Phil Lockwood of Port Charlotte, Fla. was in the 175h Artillery Company attached to the 29th Infantry Division that stormed Omaha Beach on June 6, 1944 spearheading the Allied invasion of Europe during World War II.
Pfc. Vito Mancine of Port Charlotte, Fla. was a 21-year-old Browning Automatic Rifleman when he landed in Normandy, France, about a month after D-Day, June 6, 1944. He was a member of the 5th Division in Gen. George Patton’s 3rd Army.
It was a voice from the past typed in blue on the sheet of yellowing copy paper that dropped from the little book about the 2nd Armored Division’s exploits in Europe during World War II.
His dark blue ball cap with the orange patch and gold lettering read: “SCOUTS AND RAIDERS, 1942-1945, U.S. NAVY WW II, WE LEAD THE WAY.” It was what Art Nicholas of Englewood, Fla. wore when he, his wife and two grown daughters visited all five beaches in Normandy, France on the 65th Anniversary of the D-Day Invasion during the summer of 2009.
Billie Hopkins, who winters at Little Charlie Creek mobile home park in Wauchula, was only 5-feet, 3-inches tall and weighed 112 pounds. His size made him a perfect candidate to be a ball turret gunner on a B-17 or B-24 bomber in World War II. But the Air Corps didn’t want him because he was…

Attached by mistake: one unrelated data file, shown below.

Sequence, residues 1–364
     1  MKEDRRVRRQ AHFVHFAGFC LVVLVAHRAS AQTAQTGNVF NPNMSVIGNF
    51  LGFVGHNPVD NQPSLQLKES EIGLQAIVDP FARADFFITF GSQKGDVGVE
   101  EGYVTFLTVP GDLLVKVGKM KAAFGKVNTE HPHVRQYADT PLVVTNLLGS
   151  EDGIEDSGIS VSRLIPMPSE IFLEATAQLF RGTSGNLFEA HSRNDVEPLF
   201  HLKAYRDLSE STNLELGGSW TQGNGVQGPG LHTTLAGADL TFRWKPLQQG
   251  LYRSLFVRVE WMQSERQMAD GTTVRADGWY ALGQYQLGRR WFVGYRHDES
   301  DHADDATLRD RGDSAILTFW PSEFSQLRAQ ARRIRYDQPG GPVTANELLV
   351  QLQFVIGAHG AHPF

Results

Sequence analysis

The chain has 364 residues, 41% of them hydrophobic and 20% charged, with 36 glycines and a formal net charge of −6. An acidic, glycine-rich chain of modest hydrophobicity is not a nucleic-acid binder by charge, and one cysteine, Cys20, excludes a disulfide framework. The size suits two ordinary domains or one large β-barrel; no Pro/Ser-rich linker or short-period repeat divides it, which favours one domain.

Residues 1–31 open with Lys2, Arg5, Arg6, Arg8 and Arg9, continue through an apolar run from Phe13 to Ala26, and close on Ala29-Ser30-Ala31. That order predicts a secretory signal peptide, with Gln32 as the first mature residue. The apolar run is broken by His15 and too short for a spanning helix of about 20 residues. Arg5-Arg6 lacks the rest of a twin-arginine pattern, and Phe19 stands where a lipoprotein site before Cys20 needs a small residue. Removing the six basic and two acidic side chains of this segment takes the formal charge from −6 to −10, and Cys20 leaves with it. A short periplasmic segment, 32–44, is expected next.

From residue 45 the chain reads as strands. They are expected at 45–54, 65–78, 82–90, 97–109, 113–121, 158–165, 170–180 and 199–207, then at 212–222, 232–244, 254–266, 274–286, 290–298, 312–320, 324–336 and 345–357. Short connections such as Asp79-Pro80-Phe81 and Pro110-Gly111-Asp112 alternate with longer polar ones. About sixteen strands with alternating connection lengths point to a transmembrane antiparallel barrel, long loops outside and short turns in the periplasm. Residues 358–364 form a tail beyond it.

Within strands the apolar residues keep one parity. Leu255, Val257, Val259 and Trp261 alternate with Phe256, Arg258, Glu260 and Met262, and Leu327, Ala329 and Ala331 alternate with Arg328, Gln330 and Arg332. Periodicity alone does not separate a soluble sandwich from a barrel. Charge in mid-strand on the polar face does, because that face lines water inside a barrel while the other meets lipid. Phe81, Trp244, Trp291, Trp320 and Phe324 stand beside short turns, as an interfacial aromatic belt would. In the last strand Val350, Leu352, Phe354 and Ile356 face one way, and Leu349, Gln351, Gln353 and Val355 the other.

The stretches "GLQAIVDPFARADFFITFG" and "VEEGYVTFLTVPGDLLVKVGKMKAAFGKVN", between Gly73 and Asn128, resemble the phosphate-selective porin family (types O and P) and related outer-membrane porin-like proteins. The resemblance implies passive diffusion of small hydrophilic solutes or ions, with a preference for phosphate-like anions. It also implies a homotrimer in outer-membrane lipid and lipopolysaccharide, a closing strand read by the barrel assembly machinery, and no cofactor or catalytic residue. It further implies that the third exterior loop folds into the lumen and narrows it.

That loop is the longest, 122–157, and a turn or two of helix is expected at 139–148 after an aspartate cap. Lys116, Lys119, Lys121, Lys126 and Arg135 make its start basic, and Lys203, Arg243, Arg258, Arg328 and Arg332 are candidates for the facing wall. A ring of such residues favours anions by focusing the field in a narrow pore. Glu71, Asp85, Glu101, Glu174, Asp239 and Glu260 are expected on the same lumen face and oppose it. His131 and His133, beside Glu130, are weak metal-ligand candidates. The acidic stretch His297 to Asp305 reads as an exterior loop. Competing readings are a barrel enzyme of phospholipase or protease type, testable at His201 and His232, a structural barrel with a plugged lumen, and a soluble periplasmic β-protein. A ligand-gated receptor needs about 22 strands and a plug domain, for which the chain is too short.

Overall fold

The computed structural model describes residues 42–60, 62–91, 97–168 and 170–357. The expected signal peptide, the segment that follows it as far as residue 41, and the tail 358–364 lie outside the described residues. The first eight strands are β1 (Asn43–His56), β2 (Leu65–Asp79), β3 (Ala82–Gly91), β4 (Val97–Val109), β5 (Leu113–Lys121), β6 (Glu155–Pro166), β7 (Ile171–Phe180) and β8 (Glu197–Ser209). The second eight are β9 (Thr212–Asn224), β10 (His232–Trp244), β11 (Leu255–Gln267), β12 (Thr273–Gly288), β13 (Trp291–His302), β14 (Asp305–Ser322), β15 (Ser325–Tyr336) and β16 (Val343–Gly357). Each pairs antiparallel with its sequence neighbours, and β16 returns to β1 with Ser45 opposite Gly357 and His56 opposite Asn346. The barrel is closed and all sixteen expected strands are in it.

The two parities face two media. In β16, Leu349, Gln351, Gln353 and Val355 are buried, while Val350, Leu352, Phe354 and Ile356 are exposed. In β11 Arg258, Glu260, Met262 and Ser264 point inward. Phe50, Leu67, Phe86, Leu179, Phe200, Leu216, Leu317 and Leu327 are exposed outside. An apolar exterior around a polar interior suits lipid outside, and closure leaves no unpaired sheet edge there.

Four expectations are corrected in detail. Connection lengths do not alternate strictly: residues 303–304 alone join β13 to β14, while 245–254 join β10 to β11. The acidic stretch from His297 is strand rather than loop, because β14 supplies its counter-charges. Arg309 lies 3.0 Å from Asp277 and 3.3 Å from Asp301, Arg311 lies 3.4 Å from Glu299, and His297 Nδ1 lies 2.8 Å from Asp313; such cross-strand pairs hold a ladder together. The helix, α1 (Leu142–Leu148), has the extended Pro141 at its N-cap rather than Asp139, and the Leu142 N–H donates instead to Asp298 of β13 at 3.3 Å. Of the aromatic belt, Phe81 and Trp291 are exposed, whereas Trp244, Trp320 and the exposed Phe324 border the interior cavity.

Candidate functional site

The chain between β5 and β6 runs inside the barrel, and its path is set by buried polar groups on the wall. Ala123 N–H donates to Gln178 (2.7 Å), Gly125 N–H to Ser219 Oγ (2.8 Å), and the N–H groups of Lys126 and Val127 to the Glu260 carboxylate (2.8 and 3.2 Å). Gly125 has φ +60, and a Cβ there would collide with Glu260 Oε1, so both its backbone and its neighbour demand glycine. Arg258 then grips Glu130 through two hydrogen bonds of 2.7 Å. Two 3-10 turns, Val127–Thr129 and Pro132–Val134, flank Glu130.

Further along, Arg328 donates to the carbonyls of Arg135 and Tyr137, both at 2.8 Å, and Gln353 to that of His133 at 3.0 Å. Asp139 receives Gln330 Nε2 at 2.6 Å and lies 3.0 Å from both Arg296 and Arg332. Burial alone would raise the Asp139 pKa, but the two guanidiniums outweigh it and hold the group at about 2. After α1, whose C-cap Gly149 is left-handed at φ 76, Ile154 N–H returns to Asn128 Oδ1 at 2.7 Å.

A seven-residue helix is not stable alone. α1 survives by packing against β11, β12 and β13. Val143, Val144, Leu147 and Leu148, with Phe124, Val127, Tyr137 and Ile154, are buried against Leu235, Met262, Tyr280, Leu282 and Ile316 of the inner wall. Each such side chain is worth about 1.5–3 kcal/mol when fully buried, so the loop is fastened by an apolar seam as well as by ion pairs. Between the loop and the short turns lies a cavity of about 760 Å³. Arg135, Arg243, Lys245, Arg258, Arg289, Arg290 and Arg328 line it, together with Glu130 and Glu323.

Ed Kent was the gunner on an M-7, self-propelled 105 millimeter Howitzer, who landed June 6, 1944 at Utah Beach on D-Day in Normandy, France during World War II. The 20-year-old corporal survived 15 days before being seriously injured by shrapnel from incoming enemy fire, was sent back to England and eventually the States to recuperate.
Mike Stata was a “hot shell man” on a 5-inch gun aboard the destroyer USS Harding 1500 yards off Omaha Beach on June 6, 1944 during the Normandy Invasion. He also served aboard the Harding off Okinawa on April 16, 1945 when his ship was hit by a kamikaze and 22 sailors aboard the destroyer were killed.
He landed on Utah Beach on D-Day plus 6, took part in the breakout at St. Lo, the Battle of the Bulge, Hürtgen Forest, Remagen and stopped at the Elbe River near Berlin at war’s end. Edwin Erving of Port Charlotte, Fla. was trained as an ambulance driver and medic attached to the 5th Armored Division in World War II. He landed at Utah Beach in Normandy, France on D-Day plus 6 with the 5th Armored.
A small American flag hangs from the brick wall outside the front door of Buck Fields’ Port Charlotte home. It’s a manifestation of the former World War II infantryman’s love of the country he fought for so long ago. He hit the beach at Normandy on D-Day plus two, June 8, 1944, with Headquarters Company,…
It was his baptism of fire. Ten days before, in early August 1944, 2nd Lt. Harry Long, a member of the Medical Administration Corps of the 318th Infantry Regiment, 80th Division landed on Utah Beach in Normandy, France as part of Gen. George S. Patton’s 3rd Army.
Bert Rockower was a corporal in the 9th Army that landed on Omaha Beach five months after D-Day during World War II. By then U.S. troops had advanced across France and liberated Paris. American forces were at the Siegfried Line, the massive concrete and steel fortification protecting Germany’s Western Front.